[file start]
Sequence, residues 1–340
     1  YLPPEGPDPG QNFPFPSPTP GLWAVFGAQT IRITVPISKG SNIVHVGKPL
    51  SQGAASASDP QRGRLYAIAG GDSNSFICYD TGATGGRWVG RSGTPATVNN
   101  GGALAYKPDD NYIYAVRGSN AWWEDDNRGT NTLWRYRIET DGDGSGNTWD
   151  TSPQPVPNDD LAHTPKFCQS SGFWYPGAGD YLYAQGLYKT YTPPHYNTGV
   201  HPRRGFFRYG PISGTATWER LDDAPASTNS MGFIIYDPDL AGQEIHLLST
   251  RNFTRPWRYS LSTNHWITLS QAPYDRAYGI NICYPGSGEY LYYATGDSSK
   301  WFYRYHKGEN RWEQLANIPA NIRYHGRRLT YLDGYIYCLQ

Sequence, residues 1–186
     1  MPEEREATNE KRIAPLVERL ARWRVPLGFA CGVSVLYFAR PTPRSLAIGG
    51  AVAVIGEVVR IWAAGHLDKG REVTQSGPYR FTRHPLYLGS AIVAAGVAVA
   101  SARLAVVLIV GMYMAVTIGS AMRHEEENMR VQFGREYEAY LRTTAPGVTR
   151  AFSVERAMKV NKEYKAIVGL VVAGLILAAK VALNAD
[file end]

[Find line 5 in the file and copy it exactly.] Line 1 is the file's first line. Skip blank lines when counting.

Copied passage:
   151  TSPQPVPNDD LAHTPKFCQS SGFWYPGAGD YLYAQGLYKT YTPPHYNTGV